• King Vidor & George W. Hill – The Big Parade [+Extras] (1925)

    1921-1930George W. HillKing VidorSilentUSAWarWorld War One

    A Superlative War Picture.
    An eloquent pictorial epic of the World War was presented last night at the Astor Theatre before a sophisticated gathering that was intermittently stirred to laughter and tears. This powerful photodrama is entitled “The Big Parade,” having been converted to the screen from a story by Laurence Stallings, co-author of “What Price Glory,” and directed by King Vidor. It is a subject so compelling and realistic that one feels impelled to approach a review of it with all the respect it deserves, for as a motion picture it is something beyond the fondest dreams of most people.Read More »

  • King Vidor – An American Romance (1944)

    1941-1950ClassicsDramaKing VidorUSA


    Brian Donlevy goes from rags to riches in King Vidor’s ambitious Technicolor ode to hard work, family and the American Dream. Arriving penniless in the United States, Czech immigrant Steve Dangos (Donlevy) soon realizes America truly is the land of opportunity. Starting out in the iron mines of Minnesota, Dangos heads to the steel mills of Chicago, a decision that will earn him wealth and power beyond his wildest dreams – and put him at odds with his workers when they try to unionize. Produced over a two-year period at the then-enormous sum of $3 million, An American Romance is a bold and gripping saga in the Vidor tradition. “No other American director ever matched Vidor’s sense of personal struggle, or the muscular poetry he found to express it” (Tony Rayns, Time Out Film Guide). From Warner Brothers!Read More »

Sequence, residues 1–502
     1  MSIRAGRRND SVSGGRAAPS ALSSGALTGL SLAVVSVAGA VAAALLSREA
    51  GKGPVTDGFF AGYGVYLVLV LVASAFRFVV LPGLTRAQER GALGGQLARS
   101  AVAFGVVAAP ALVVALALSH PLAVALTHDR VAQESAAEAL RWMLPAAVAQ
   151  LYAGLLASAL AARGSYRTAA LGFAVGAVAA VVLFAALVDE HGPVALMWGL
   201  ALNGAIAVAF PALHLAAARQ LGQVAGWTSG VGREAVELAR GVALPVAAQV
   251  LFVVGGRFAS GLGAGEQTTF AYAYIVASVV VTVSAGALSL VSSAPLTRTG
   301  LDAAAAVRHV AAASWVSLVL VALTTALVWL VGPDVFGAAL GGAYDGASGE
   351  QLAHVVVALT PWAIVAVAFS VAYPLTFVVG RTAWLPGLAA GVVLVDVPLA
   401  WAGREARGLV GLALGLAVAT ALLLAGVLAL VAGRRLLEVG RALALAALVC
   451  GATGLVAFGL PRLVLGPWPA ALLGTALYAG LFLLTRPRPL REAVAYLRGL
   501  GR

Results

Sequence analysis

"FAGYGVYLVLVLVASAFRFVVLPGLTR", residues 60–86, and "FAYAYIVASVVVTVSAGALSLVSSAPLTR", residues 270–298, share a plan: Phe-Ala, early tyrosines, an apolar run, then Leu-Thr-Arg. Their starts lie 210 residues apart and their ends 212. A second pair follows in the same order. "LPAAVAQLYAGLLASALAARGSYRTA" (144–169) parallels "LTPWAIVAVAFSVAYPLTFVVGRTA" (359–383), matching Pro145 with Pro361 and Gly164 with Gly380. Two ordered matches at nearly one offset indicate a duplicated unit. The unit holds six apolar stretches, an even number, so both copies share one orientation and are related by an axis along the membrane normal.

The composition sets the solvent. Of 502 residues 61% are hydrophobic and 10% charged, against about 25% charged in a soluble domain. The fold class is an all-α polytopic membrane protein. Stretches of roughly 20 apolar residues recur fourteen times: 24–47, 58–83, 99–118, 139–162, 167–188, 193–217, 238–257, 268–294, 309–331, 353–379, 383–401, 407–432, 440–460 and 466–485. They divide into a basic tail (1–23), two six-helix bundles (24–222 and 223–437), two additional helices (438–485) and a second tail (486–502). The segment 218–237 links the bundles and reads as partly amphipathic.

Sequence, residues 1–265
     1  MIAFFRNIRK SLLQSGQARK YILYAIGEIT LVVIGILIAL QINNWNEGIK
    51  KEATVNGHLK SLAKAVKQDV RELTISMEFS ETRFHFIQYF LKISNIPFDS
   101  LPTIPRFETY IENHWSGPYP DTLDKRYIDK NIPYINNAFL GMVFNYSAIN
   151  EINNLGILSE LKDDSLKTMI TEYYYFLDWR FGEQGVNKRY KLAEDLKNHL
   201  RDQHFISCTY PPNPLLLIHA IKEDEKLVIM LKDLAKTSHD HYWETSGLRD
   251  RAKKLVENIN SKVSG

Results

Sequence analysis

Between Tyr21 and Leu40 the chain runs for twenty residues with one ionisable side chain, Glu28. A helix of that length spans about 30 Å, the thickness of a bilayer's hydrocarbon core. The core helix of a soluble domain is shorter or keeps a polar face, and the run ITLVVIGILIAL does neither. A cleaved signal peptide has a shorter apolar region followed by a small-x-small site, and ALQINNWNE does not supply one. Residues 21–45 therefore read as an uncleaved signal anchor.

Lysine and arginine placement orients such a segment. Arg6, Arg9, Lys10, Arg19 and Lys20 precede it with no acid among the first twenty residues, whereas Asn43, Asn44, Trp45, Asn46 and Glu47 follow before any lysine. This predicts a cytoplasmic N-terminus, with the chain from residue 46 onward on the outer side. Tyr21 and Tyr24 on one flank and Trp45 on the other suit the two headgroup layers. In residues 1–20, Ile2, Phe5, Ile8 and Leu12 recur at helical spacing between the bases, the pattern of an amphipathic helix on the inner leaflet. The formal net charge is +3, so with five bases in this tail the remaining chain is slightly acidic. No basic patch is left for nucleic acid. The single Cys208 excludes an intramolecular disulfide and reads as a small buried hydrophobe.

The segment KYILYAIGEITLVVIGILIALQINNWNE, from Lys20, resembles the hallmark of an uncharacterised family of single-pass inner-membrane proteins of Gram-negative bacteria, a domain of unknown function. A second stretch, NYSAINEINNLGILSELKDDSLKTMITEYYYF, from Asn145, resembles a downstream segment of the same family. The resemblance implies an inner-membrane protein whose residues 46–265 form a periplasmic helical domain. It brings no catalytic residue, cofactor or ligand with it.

• King Vidor – Man Without a Star (1955)

    1951-1960ActionKing VidorUSAWestern

    Dempsey Rae, a cowboy with no clear aim in life, winds up working on a spread with a hard lady owner just arrived from the East. She needs a tough new top hand and uses all her means of persuasion to get Rae to take the job. But he doesn’t like the way the other settlers are getting treated and starts to side with them, despite their introduction of the barbed wire he loathes.Read More »

  • King Vidor – The Fountainhead (1949)

    1941-1950ArchitectureClassicsDramaKing VidorPhilosophy on ScreenUSA

    The hero of Ayn Rand’s The Fountainhead is Howard Roark (Gary Cooper), a fiercely independent architect obviously patterned after Frank Lloyd Wright. Rather than compromise his ideals, Roark takes menial work as a quarryman to finance his projects. He falls in love with heiress Dominique (Patricia Neal), but ends the relationship when he has the opportunity to construct buildings according to his own wishes. Dominique marries a newspaper tycoon (Raymond Massey) who at first conducts a vitriolic campaign against the “radical” Roark, but eventually becomes his strongest supporter. Upon being given a public-housing contract on the proviso that his plans not be changed in any way, Roark is aghast to learn that his designs will be radically altered. Roark sneaks into the unfinished structure at night, makes certain no one else is around, and dynamites the project into oblivion.Read More »